3 Things To Know When a Typhoon Is Approaching

Sep 2, 2018

Japan is a very peaceful country and to many, a comfortable place to live. However, nothing is perfect. As developed as Japan is, it is a country with frequent threats of natural disasters.

During the summer, the period from July to September is known as typhoon season and Japan suffers every year. If you’ve already experienced typhoons in Japan, you can understand why strong wind and heavy rain can be quite scary.

This article will show you 3 major things you must know to prepare as the typhoon is approaching in Japan and how to avoid danger from typhoons.

1. What is a Typhoon?

For those who have never heard of the word typhoon before, you can understand it as something a little smaller than a hurricane. The weather conditions with really heavy rain and strong winds are referred to as typhoon and it happens from tropical low pressures storm gaining momentum and exceeding  17m/second wind speeds. In Japan, the summer is the season with most typhoons. Japanese number each typhoon in the order they came in such as “Typhoon No.20” which was reaching the Kyushu area this week.

2. Check the Weather Forecast Constantly During Summer

A very important thing you must bear in mind is that there are times typhoon occurs unpredictably.
If you’re spending the summer season in Japan, try to check the weather forecast every day to see if there is an approaching storm. Checking the weather forecast is really important in Japan, because if a natural disaster happens, it may ruin your vacation plans. Even if you’ve planned your summer events in advance, you may have to turn to plan B due to sudden typhoons.

Japanese weather forecast announces the typhoon information with a map of 1-week projected course either on TV, mobile apps, or on the internet so people can be aware of a typhoon 1 week beforehand. However, sometimes the typhoon changes its path suddenly and at the worst, there might be several typhoons at once in your area.

3. What if a Typhoon Reaches the Place You Live?

Even when a typhoon is coming toward Japan, people in places that the typhoon does not directly move pass won’t have any problems. But what if the typhoon is hitting the place where you live?

If you notice a typhoon is moving toward the place you live or close to your residing area, please bear in mind the following instructions in preparation for typhoons.

1. Reschedule Your Plans

If you notice a typhoon is approaching and may hit on the date you have plans, try to reschedule your plans to other dates and make plan B to stay at home during this period.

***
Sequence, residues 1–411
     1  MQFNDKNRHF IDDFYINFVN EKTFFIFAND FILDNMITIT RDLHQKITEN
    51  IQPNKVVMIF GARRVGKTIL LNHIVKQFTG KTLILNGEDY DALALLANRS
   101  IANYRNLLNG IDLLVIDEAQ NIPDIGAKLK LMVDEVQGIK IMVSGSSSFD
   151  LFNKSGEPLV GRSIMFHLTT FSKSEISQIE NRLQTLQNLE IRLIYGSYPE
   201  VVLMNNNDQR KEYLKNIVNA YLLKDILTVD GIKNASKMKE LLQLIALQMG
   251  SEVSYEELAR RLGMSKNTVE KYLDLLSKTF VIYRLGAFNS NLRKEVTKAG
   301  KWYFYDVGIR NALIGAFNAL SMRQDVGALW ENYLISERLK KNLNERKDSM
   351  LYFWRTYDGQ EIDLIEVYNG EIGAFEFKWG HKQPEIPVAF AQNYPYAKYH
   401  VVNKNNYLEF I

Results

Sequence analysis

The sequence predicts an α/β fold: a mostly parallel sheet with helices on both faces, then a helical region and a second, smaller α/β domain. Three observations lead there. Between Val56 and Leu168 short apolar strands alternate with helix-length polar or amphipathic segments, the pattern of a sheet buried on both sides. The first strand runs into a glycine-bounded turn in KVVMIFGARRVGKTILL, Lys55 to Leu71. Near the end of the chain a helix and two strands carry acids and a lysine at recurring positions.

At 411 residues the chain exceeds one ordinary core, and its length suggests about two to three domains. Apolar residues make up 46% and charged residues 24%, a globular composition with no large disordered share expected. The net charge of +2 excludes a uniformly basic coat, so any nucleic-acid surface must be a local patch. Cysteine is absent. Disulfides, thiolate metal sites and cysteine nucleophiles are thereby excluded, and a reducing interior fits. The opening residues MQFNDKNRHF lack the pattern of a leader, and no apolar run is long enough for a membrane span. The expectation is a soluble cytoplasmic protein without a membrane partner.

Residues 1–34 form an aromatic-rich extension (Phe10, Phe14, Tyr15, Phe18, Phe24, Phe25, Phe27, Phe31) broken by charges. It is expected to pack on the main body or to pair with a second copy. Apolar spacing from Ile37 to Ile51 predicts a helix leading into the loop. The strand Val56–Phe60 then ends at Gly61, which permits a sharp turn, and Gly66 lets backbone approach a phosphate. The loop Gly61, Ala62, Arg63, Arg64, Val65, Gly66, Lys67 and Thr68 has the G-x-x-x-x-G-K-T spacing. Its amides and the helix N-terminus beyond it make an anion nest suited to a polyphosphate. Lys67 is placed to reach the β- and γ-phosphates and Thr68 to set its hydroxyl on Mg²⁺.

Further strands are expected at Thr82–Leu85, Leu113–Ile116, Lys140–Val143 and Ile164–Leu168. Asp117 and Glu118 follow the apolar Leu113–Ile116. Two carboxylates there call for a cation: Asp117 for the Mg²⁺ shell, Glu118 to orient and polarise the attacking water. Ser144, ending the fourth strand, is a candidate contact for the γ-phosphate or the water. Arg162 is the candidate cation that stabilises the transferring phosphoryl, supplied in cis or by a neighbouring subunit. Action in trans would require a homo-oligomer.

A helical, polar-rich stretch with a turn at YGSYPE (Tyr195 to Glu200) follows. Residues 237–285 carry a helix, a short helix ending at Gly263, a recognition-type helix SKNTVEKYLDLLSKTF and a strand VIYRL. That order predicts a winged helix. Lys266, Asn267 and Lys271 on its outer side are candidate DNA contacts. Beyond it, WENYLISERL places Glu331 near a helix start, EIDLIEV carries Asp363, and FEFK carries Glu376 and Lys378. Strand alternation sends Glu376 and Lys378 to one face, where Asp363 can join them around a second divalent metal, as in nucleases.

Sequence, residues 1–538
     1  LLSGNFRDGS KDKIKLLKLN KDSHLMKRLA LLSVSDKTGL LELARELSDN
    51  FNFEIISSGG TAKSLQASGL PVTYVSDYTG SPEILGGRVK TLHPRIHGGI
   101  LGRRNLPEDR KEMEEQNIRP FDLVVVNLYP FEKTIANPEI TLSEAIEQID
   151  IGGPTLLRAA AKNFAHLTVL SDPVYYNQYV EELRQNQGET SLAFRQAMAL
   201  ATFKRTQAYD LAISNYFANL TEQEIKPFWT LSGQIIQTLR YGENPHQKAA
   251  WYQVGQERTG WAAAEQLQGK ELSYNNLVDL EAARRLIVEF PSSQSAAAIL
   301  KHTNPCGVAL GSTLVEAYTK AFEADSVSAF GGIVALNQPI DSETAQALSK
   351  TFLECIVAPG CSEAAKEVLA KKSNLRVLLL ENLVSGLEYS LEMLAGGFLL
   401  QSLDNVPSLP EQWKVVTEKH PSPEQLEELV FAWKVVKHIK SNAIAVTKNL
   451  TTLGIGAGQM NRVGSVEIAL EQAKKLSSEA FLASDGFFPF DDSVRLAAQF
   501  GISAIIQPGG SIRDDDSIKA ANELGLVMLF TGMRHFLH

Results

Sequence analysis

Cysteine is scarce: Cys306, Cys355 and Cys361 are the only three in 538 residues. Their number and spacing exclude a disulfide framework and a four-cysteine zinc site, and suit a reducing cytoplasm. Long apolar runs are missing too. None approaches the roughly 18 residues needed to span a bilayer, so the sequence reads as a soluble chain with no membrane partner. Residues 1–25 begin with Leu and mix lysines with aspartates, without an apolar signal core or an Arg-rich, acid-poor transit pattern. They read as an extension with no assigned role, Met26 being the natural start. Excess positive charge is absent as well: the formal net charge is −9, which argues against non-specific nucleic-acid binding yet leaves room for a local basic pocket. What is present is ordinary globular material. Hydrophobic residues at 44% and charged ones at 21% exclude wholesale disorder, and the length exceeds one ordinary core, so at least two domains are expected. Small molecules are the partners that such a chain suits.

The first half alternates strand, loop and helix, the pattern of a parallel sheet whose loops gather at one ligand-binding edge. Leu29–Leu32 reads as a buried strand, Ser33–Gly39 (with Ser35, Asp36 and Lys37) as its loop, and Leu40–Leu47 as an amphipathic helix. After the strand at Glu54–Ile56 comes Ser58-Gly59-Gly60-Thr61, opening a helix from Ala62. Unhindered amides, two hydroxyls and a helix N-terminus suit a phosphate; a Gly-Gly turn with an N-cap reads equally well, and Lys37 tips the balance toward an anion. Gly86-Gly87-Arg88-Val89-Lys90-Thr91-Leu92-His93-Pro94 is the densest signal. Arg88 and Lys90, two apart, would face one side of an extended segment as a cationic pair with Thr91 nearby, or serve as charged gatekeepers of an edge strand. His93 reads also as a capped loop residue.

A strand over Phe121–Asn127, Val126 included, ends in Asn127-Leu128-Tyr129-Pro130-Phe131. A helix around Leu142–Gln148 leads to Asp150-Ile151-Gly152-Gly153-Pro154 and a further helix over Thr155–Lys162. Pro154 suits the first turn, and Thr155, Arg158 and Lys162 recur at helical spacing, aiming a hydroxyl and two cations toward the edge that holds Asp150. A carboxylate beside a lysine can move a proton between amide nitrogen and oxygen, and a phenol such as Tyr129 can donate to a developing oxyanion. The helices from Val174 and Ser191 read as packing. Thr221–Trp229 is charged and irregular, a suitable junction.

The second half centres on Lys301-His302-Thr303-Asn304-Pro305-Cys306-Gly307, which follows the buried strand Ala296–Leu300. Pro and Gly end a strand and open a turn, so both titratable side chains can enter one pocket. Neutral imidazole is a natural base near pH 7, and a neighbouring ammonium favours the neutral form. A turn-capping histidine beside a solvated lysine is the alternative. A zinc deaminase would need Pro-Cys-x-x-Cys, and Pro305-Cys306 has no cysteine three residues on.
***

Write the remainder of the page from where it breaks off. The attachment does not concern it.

Don’t underestimate the power of typhoon since it can cause delay or stop transportation. Depending on the severity of the storm, if you can’t change your planned schedule and attempt to go outside, you may face the risk of getting stuck somewhere with no moving trains. Even when traveling by taxi, it is possible the taxi driver cannot drive well in the stormy weather and you will risk running into accidents.

In some circumstances transportation such as cars, buses or trains are not to use in a typhoon and staying at home is the safest solution to avoid getting stuck outside.

2.  Check Your Balcony

If you have a home garden or furniture on your balcony at your home, try to put them inside or move them to the inside corner of the balcony, closest to your home. The strong wind and heavy rain can easily topple over or, worst case scenario, blow away your flower pots. Furniture may fall down and hit someone on the street or even be blown backward to hit the windows of your house.

Your actions and consideration avoids damage to your property and ensures the protection of other.

3. Don’t Use the Elevator

If the typhoon is hitting your area directly, it’s wise not to use elevators.
For those who think Tokyo city is pretty safe and there is no need to worry about typhoons, we advise staying on the cautious side. The power cable may blow down due to bad weather, and if you’re inside the elevator, you may even get stuck.

It might take more effort to go up and down the stairs but it’s much safer, and staying inside an elevator waiting for the rescue can be much more exhausting, don’t you think?

No one likes typhoons but let’s face it with caution. Waiting patiently at your home until the typhoon passes is the safest choice. The good thing about typhoons is that you can have sunny, clear weather the day after it!

Japanese people always feel relieved to have a clear sky and to recognize that the typhoon is finally over. Please watch out for the typhoons reaching toward Japan this week and take care.
Be safe!


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